A grimy revenge picture set in the swamps of the American south, ’Gator Bait is one of several ’70s B-movies that upended exploitation-cinema tropes by featuring sexualized leading ladies as formidable avengers. Interestingly, the picture was also written, coproduced, and codirected by a woman, Beverly Sebastian, who shared producing and directing chores with her husband, Ferd Sebastian. Claudia Jennings, the sexy redhead B-movie queen who began her career as a Playmate of the Year in Playboy magazine, stars as Desiree Thibodeau, a Cajun wild woman who lives deep in the wilderness. She supports herself and her two younger siblings by poaching animals and selling hides. One day, idiot deputy Billy Boy Thomas (Clyde Ventura) and his redneck pal, Ben (Ben Sebastian), track down Desiree and threaten to arrest her unless she provides sexual favors. Desiree outfoxes her pursuers, eventually tossing a bag of snakes into their boat—at which point Billy Boy accidentally shoots and kills Ben while trying to fend off the snakes. Ashamed of his stupidity, Billy Boy lies to his father, Sheriff Joe Bob Thomas (Bill Thurman), by saying that Desiree killed Ben. When Joe Bob shares this false report with Ben’s father, T.J. (Sam Gilman), T.J. swears vengeance. Accompanied by T.J. and his psychotic older son, Leroy (Douglas Dirkson)—whom Desiree castrated years ago during an attempted rape—the cops head into the swamp to find and kill Desiree. Bloodshed and tragedy ensue.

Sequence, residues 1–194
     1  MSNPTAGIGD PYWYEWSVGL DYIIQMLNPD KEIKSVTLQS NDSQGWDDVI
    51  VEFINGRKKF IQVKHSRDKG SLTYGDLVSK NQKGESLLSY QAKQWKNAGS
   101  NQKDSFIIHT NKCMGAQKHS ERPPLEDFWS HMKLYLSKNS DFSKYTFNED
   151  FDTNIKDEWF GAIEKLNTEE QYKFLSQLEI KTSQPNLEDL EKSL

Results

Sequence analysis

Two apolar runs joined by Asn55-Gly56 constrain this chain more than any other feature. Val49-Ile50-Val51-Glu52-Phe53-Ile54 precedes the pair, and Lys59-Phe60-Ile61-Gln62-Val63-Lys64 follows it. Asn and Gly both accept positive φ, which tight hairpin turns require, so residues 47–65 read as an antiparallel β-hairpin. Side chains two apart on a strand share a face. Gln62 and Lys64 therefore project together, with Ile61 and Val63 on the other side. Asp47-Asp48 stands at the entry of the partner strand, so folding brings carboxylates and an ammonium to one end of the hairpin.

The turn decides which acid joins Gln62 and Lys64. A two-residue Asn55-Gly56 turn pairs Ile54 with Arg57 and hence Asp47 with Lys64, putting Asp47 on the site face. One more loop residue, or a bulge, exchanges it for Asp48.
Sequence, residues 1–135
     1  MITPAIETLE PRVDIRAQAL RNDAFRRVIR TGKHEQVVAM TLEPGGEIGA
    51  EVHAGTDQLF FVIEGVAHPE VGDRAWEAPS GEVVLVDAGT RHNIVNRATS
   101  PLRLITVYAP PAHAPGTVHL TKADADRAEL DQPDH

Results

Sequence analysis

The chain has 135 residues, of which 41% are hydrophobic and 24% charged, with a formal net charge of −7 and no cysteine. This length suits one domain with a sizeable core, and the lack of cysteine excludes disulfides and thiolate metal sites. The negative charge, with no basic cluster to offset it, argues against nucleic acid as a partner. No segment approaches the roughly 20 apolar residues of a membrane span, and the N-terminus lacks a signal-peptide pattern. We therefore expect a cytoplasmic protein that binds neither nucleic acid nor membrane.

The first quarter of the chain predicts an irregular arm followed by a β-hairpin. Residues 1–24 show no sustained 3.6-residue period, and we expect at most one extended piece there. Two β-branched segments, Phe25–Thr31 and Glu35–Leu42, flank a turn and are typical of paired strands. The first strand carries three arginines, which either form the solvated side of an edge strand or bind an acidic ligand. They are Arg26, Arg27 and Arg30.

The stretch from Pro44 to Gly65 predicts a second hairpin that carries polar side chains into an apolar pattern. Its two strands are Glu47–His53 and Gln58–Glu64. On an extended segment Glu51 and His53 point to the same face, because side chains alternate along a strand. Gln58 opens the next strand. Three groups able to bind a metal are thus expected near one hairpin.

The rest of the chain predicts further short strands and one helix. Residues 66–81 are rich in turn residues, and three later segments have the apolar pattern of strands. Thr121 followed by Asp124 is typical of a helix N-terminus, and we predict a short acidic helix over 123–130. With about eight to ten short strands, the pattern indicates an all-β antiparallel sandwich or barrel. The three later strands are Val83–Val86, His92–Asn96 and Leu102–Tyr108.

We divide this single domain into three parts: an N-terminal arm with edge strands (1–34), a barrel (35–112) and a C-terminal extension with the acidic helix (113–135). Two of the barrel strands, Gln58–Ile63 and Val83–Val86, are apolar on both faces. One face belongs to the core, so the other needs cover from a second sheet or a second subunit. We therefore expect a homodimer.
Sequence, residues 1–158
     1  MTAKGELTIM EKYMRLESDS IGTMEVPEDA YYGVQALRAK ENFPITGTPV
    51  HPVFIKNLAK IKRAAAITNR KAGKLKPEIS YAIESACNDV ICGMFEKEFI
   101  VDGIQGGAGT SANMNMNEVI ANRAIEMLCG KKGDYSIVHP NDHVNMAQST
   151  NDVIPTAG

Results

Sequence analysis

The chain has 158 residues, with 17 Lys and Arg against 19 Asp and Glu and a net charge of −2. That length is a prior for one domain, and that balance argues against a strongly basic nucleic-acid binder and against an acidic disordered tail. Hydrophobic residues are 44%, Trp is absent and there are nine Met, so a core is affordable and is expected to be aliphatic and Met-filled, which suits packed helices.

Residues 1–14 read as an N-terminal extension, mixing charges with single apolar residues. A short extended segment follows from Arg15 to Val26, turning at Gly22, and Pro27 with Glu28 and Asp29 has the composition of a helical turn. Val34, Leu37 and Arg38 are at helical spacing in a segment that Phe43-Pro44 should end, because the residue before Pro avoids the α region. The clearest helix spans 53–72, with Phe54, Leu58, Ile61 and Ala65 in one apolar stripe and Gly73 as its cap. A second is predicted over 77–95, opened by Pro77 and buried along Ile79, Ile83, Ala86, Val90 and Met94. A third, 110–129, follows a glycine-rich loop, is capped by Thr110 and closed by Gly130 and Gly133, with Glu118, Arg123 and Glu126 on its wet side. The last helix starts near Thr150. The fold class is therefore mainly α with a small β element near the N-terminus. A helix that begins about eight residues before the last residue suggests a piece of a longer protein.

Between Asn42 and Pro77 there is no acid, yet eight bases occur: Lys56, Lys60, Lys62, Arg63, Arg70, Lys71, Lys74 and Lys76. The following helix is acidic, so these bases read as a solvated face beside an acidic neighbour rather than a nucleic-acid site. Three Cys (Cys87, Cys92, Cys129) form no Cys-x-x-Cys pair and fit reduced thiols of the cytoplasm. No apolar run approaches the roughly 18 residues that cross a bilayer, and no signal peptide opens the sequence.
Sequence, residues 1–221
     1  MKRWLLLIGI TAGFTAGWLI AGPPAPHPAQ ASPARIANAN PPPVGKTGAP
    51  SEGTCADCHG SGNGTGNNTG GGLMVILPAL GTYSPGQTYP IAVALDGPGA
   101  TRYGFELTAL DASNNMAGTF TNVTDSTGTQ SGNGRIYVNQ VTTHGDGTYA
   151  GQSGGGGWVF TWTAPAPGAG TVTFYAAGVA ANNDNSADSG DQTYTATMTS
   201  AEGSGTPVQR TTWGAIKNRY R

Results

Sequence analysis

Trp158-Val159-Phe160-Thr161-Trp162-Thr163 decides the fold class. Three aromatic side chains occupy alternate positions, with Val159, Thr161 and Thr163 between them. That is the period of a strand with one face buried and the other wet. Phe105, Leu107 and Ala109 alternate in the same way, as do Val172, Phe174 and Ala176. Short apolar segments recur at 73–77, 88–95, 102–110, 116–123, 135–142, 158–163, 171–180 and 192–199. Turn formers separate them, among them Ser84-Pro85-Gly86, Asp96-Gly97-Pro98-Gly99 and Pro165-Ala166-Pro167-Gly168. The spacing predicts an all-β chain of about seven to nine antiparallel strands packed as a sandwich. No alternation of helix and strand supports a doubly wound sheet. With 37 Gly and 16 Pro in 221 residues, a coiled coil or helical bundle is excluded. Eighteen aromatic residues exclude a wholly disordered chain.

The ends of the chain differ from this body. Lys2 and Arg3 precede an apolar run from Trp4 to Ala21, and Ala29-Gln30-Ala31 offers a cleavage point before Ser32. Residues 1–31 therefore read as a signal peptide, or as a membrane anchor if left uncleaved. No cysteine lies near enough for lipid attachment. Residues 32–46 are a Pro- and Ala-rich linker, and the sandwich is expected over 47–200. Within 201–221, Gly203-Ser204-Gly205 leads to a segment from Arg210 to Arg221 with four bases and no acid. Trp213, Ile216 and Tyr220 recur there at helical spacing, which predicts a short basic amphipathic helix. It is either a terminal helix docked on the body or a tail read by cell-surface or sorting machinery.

’Gator Bait is as grisly as any other rape-and-revenge picture of the ’70s, featuring at least one stomach-turning scene (the horrific fate of Desiree’s sister), and the way women’s bodies are showcased makes it impossible to forget that ’Gator Bait is a lowbrow endeavor. (Jennings wears a series of barely-there costumes, her legs and midriff on constant display.) Nonetheless, there’s a smattering of local color amid the sleaziness. Nearly every scene was filmed outdoors, so the verdant locations are like characters in the story, and the score features a saucy mix of harmonicas and other rootsy instruments. Jennings also gets to do a bit of acting, which was more than was usually asked of her, and she has a couple of decent moments brandishing a shotgun and spewing tough dialogue in a Cajun accent. ’Gator Bait isn’t quality filmmaking, to be sure, but it’s periodically exciting in a grotesque sort of way. More than 20 years later, the Sebastians returned to the swamp for the straight-to-video sequel ’Gator Bait II: Cajun Justice (1988), but none of the original actors returned.
’Gator Bait: FUNKY